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Dr Hallowell ADHD and mental and cognitive health

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Dr. Hallowell's Blog

Promoting HOPE in ADHD

Most people who discover they have ADHD, whether they be children or adults, have suffered a great deal of pain. The emotional experience of ADHD is filled with embarrassment, humiliation, and self-castigation. By the time the diagnosis is made, many people with ADHD have lost confidence in themselves. Many have consulted with numerous specialists, only to find no real help. As a result, many have lost hope.

So the most important step at the beginning of treatment is to instill hope once again. Individuals with ADHD may have forgotten what is good about themselves. They may have lost, long ago, any sense of the possibility of things working out. They are often locked in a kind of tenacious holding pattern, bringing all theory, considerable resiliency, and ingenuity just to keeping their heads above water. It is a tragic loss, the giving up on life too soon. But many people with ADHD have seen no other way than repeated failures. To hope, for them, is only to risk getting knocked down once more.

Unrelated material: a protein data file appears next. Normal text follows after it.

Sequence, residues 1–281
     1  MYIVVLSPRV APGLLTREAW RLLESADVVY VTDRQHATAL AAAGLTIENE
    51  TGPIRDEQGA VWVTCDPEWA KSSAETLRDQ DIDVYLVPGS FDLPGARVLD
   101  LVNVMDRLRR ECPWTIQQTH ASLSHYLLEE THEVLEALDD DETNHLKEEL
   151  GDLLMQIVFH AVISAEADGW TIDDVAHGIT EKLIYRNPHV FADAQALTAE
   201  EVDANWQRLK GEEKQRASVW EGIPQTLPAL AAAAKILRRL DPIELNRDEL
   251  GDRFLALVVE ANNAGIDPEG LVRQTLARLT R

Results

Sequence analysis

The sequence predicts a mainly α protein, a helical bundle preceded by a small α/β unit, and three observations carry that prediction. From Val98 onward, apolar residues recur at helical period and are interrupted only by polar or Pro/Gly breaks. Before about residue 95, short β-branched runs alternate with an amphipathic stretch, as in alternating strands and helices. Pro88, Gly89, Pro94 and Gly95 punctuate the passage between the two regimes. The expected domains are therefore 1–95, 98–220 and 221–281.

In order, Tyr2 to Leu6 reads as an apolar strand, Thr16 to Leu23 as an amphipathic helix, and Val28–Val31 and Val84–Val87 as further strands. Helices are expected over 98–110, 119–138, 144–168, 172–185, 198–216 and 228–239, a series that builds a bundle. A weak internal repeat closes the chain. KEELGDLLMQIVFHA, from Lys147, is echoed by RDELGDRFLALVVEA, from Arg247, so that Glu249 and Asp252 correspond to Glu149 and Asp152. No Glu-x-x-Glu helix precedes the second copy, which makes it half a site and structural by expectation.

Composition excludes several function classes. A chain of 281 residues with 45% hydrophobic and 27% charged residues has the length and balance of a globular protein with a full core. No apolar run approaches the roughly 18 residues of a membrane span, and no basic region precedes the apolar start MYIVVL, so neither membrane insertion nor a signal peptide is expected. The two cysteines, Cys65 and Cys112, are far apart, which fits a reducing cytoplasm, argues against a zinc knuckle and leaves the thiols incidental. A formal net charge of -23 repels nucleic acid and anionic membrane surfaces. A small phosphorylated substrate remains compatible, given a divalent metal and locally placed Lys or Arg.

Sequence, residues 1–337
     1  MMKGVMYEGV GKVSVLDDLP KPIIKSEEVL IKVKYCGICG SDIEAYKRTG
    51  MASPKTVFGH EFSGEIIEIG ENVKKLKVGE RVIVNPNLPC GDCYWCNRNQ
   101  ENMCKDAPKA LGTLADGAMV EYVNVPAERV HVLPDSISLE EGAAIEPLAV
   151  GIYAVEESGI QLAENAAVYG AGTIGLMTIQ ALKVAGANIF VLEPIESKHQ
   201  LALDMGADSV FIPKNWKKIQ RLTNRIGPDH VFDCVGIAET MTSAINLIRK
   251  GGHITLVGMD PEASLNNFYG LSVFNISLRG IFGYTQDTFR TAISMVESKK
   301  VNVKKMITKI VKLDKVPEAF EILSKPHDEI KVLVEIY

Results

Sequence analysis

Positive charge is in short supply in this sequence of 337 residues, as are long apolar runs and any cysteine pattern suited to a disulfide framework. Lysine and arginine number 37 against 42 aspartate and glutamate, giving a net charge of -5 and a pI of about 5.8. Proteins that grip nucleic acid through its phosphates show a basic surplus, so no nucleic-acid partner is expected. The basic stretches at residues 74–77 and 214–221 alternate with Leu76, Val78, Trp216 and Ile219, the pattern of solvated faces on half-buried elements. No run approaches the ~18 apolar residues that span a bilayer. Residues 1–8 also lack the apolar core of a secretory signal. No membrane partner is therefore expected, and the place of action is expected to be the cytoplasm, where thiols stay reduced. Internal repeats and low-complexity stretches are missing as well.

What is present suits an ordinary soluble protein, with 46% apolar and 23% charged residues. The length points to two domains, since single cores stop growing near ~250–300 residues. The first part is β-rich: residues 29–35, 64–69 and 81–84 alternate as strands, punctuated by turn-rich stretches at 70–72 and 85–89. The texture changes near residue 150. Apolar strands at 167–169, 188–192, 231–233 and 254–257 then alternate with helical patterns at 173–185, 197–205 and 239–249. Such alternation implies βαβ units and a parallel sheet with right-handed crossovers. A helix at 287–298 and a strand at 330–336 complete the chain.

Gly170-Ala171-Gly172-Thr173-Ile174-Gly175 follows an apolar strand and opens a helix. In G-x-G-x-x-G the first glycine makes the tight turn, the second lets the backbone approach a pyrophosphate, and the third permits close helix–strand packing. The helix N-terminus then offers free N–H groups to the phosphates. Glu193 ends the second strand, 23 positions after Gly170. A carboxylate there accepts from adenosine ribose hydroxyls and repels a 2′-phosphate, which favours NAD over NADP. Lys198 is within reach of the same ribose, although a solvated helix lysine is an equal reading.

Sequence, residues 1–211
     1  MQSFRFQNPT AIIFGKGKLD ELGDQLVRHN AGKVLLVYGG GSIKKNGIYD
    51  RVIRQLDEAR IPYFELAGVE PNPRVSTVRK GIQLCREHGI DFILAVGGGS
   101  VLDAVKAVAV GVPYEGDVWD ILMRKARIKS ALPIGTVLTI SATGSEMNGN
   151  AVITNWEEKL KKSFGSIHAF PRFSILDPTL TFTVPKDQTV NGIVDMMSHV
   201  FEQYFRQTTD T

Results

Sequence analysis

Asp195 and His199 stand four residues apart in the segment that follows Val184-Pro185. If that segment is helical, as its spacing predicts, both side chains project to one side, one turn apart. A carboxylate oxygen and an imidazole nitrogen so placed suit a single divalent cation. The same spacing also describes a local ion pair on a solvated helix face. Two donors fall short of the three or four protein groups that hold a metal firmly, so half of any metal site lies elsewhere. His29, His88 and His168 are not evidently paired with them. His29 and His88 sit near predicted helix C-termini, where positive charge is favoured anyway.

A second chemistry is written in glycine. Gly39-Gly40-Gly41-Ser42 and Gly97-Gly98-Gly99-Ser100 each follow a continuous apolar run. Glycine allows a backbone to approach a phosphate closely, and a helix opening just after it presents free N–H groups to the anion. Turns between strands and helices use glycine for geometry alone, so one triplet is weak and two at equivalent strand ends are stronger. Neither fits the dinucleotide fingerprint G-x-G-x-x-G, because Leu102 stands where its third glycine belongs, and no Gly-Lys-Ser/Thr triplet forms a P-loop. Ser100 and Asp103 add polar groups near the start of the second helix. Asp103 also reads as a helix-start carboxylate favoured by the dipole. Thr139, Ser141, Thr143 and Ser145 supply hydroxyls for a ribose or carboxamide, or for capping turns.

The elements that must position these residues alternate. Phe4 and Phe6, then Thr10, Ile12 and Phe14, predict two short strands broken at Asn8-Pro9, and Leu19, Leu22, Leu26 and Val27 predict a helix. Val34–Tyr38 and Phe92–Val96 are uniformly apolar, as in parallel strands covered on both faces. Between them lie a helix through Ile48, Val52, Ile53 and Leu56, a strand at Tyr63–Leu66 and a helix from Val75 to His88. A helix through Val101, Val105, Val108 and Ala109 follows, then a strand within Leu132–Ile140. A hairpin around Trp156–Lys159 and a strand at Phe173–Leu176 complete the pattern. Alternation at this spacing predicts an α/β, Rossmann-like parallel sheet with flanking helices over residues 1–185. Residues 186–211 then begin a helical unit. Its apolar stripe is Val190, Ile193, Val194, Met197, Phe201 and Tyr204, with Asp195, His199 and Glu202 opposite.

And yet, their capacity to hope and to dream is immense. More than most people, individuals with ADHD have visionary imaginations. They think big thoughts and dream big dreams. They can take the smallest opportunity and imagine turning it into a major break. They can take a chance encounter and turn it into a grand evening out. They thrive on dreams, and they need organizing methods to make sense of things and keep them on track.

But like most dreamers, they go limp when the dream collapses. Usually, by the time the diagnosis of ADHD has been made, this collapse has happened often enough to leave them wary of hoping again. The little child would rather stay silent than risk being taunted once again. The adult would rather keep his mouth shut than risk flubbing things up once more. The treatment, then, must begin with hope. 

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